Statement to the General Assembly by H.E. Ambassador Bénédicte Frankinet Permanent Representative of Belgium on behalf of the Netherlands and Belgium on the issue of “Security Council Reform”

date: 27 June 2013

Statement to the General Assembly
by H.E. Ambassador Bénédicte Frankinet
Permanent Representative of the Kingdom of Belgium
to the United Nations

on behalf of the Netherlands and Belgium
on the issue of “Security Council Reform”

New York, 27 June 2013


Mr. President,

I have the pleasure to speak on behalf of the Netherlands and Belgium.

I would like to thank you for convening this meeting of the Intergovernmental Negotiations on Security Council Reform.

As we have already stated before: the momentum that was created during the 66th GA session got lost and we are not convinced that we are truly back on track: we only had one meeting this year and it is already more than two months ago.

The slow progress of our process might give the false impression that Security Council reform is not a very urgent topic. However, in the many years we have been discussing this, the ultimate goal of our endeavor has only grown in importance: a modernized, more legitimate but still effective Security Council, which reflects the geopolitical realities of the 21st century and contributes to a more credible United Nations and a reinforced international system.

It is therefore all the more deplorable that this session of the General Assembly has not brought any progress.

Mr. President,

As we have said so often before: the current status-quo is not an option. In the 2005 World Summit Outcome, there was a clear consensus among world leaders that an early reform of the Security Council is an essential element of overall efforts to reform the UN in order to make it more broadly representative, efficient and transparent.

You are quite right in saying in your letter that we need to focus on possible areas of convergence and links between the different reform models. However, at this moment, the only area of overall convergence seems to be the need to extend the number of non-permanent members.

To finally make progress, we need to look beyond our narrow national interests. We have to search for compromises that have the capacity to garner the largest possible support for a reform.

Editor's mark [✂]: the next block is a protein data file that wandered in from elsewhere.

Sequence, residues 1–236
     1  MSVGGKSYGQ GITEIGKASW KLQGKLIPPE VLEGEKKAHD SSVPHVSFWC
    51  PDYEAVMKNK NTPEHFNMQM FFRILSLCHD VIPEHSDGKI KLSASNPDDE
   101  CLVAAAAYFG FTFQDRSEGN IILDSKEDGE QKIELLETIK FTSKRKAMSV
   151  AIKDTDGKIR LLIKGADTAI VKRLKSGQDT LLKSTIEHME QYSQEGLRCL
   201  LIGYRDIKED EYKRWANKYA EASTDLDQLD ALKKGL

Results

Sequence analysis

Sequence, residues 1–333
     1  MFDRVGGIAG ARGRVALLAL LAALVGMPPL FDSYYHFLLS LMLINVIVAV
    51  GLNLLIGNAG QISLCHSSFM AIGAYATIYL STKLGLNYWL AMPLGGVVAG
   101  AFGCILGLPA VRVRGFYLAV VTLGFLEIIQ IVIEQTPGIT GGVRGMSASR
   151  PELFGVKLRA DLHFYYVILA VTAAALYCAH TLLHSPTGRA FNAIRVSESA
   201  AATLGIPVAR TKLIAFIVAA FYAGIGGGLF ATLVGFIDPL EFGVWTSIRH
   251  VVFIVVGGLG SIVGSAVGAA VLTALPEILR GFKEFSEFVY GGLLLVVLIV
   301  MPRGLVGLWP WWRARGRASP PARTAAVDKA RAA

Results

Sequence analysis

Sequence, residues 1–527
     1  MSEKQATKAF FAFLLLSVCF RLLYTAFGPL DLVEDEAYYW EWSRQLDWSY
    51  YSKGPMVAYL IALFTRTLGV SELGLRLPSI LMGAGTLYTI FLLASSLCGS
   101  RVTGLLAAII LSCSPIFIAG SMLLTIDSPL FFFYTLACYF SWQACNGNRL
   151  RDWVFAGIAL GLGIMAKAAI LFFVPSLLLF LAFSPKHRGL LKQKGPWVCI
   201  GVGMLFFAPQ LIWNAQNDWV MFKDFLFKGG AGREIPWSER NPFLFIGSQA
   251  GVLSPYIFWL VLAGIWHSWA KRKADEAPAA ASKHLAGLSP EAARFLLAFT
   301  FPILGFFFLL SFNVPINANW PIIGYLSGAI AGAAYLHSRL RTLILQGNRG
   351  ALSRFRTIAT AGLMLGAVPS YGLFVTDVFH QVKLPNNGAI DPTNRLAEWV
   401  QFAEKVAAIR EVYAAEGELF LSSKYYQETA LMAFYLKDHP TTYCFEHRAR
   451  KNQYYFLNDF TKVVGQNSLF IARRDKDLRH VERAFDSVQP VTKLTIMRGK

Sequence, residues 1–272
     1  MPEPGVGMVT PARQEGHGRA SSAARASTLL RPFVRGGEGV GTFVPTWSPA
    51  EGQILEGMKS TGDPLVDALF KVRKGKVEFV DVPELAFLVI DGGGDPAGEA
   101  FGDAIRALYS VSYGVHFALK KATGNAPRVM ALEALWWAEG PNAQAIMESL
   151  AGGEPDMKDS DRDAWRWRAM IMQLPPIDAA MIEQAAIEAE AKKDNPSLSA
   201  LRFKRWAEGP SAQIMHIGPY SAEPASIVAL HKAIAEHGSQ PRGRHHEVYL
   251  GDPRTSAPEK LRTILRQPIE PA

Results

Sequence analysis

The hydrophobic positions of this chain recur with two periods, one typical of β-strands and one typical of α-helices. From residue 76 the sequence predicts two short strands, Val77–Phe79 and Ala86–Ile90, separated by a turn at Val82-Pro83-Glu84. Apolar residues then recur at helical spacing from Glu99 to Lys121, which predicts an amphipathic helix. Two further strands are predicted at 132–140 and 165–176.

Therefore, we cannot limit ourselves to considering convergences. We have to go one step further and consider the outlines of a possible comprehensive package deal as an outcome of our discussions and negotiations.

The Netherlands and Belgium continue to believe that we should take a look at Ambassador Tanin’s proposal to have a genuine give and take based on a concise working document that is, at the same time, broad enough to be accepted as a starting point by all parties. Our Chairman called this “the next logical step”, and he was quite right in doing so. Any country that is in favor of an early reform of the Security Council should also be in favor of the elaboration of such a document.

In April we made some suggestions on how to produce a working document to start negotiations. I will not repeat them, but I would like to stress that the Chair of our intergovernmental process, Ambassador Tanin, should play a key role, in close coordination with the member states. We need to give him our full trust, without giving up on the membership-driven principle of our process. The Netherlands and Belgium reiterate their readiness to assist.

Mr. President,

In your letter you wrote that you will decide on the next steps during the 67th session of the GA based on what you hear today.

We believe there may still be time for another meeting, on the condition that it has a more focused theme than today’s debate. Possible topics could be: a concise working document that can serve as a basis for negotiations and how to realize it; and / or a deeper look into different intermediate models.

Lastly, the Netherlands and Belgium think that we may have to start looking at the decision to extend the mandate of the intergovernmental negotiations on Security Council reform.

In order to make any progress we should keep in mind that there will be no reform without compromises from all sides. Making concessions will be necessary. If we are not prepared to do so, one wonders whether at this point in time, it makes sense to continue with our debates.

In any case, I can assure you, as well as the very dedicated Chair of our negotiation process, Ambassador Tanin, of the full support of the Netherlands and Belgium, to any effort to make real progress on the important subject of Security Council reform.

I thank you.